Wellness Coaching Is Succeeding Because Wellness Is Succeeding

Univ. of Wisconsin-Stevens Point where the National Wellness Conference is held.

Analysis of a field of service, like wellness coaching, is always tricky. How do we know how well it is being received, how much it is growing, etc.? The best test is the market demand, and we are definitely seeing that with The Wellness Coach Training Institute (http://realbalance.com/) as we grow. Another way to find the pulse to put one’s finger on is to attend relevant national conferences and see the interest there. July 13-19 we attended and presented at The National Wellness Conference (http://www.nationalwellness.org/index.php?id_tier=90) in Wisconsin and found that both wellness in general and wellness coaching are being enthusiastically received.

Conference attendance was up this year over the last two years, an indicator of improved conference planning and marketing, and an improving economy. The extreme need for savings in healthcare costs has combined with solid, demonstrated ROI for comprehensive wellness programs to drive a vigorous desire to develop and support wellness programs. One of the students in my pre-conference wellness coach certificate program had a concrete example of this. While her healthcare company had decided to lay off twenty-five of it’s mid-level managers across the company, it hired three new employees for the wellness program!

Four of us from The National Consortium for Credentialing Health and Wellness Coaches (http://ncchwc.org/) presented a panel on our progress to date. My share of the presentation was to show the quick evolution of coaching and wellness coaching. As I prepared two things really struck me: 1) How astonishingly fast the whole coaching field has developed, and 2) how both the wellness field as a whole and wellness coaching in particular both bloomed and accelerated at about the same time.

This foundational book wasn’t published until 1998

Coaching is young stuff!

The call on when the life-coaching field emerged is a bit fuzzy, but most people agree that it was Thomas Leonard who started putting it on the map in 1988. That’s only twenty-four years ago! Check out this rapid development:

1988 – Leonard comes on the scene, taking business consulting into the realm of coaching.
1992 – Leonard founds Coach U (Coach University), and Laura Whitworth and Karen & Henry Kimsey-House found CTI (Coaches Training Institute).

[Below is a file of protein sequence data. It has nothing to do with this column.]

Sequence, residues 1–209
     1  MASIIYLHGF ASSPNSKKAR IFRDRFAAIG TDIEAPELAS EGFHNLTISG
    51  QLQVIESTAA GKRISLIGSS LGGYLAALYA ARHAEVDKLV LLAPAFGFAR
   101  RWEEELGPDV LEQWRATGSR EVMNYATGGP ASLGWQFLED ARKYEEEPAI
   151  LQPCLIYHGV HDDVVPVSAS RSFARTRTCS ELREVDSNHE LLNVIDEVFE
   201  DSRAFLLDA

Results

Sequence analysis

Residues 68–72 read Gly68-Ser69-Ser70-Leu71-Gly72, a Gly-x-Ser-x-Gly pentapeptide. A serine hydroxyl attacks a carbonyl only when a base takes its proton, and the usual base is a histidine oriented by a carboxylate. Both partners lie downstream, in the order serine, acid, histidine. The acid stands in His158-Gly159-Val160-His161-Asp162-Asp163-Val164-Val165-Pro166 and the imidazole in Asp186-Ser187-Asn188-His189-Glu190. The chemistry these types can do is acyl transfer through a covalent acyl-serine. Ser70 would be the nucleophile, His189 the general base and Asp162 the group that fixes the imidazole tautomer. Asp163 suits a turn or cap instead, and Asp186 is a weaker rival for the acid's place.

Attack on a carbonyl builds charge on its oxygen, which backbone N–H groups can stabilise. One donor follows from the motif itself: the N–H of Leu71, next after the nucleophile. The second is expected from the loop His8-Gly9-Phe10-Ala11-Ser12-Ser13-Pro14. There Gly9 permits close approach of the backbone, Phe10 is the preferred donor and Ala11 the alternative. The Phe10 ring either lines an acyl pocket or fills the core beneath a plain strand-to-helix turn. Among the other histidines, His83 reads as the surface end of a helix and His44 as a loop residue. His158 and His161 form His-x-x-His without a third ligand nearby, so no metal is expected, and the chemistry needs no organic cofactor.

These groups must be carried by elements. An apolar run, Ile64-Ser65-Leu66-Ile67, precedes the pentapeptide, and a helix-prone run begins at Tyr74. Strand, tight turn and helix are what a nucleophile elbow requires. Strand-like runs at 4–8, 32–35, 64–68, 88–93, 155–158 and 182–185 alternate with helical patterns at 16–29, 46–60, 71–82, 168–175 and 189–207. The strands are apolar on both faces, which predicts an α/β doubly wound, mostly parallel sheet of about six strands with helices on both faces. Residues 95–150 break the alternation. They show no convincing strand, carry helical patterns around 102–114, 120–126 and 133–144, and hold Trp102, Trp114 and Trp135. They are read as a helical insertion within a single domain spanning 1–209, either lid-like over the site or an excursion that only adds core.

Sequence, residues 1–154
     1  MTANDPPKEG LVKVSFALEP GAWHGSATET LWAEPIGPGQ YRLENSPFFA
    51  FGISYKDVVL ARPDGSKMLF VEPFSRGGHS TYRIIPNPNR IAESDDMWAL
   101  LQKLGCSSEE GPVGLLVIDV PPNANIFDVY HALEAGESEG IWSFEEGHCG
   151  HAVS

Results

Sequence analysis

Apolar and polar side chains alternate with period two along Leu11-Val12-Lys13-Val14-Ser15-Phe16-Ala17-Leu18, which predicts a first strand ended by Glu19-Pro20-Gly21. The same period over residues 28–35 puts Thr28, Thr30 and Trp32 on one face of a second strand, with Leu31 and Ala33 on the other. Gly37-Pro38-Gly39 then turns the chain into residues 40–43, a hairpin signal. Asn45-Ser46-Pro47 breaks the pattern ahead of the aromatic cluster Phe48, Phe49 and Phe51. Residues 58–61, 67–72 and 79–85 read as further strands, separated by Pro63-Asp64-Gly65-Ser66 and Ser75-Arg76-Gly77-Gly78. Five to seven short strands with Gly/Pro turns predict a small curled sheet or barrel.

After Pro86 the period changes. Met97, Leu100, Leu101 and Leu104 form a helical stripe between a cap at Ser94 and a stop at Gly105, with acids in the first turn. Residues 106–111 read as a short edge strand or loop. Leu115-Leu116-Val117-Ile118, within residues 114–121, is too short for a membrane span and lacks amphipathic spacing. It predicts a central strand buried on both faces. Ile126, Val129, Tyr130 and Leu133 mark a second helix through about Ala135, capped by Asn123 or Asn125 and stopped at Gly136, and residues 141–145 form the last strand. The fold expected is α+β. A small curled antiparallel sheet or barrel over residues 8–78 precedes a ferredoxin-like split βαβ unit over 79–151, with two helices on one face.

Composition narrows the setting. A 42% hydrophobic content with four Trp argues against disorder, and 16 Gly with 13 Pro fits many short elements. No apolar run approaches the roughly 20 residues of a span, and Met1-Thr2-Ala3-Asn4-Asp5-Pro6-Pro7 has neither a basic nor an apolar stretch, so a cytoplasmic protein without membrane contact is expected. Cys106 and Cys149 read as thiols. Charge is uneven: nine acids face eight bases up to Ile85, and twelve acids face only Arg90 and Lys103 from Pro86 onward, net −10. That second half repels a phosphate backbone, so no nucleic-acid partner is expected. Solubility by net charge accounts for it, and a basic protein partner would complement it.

1995 – The International Coaching Federation is founded.
1998- “Therapist U” (became ILCT) founded by Pat Williams as many switch from psychology professions to coaching.
Mid to late 1990’s Life Coach Training Accelerates
Late 1990’s – First articles on wellness coaching appear in Wellness Management, and first presentations are made at The National Wellness Conference by myself.
Early 2000’s Wellness Coach Training Programs emerge, Real Balance Global Wellness Services, Wellcoaches, etc.
2005 – Wellness Coaching seen as providing a “Paradigm Shift” in the entire wellness field. Wellness Programs get traction through great ROI

Dr. Arloski’s ground-breaking book – 2007

2006 Wellness Coaching for Lasting Lifestyle Change is written, published in 2007.
2009 Coaching Psychology Manual is published.

The late 2000’s see rapid adoption of wellness coaching methods by the medical world, disease management companies, EAP’s, and others.

2011 – Wellness Coaching mentioned over 30 times in Affordable Care Act.

The Whole Wellness Movement

Since my first attendance at The National Wellness Conference in 1979 I’ve seen the evolution of this field go from a criticized “fad” to an ROI juggernaut. For years as wellness programs were taken on by innovative organizations they were often on shaky ground. When the budget ax fell it were these programs that were often among the first to go. The people responsible for the purse strings were rightfully looking for evidence that they worked and the new field was scrambling to provide just that.